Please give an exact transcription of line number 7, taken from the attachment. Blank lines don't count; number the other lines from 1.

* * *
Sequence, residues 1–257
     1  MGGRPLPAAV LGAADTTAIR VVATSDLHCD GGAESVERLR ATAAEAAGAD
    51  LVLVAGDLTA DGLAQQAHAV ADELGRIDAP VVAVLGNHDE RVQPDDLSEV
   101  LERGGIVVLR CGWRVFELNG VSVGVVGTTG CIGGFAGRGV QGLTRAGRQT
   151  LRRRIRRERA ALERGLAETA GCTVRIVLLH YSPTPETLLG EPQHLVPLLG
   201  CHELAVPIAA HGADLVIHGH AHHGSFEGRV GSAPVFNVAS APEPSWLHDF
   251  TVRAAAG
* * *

   251  TVRAAAG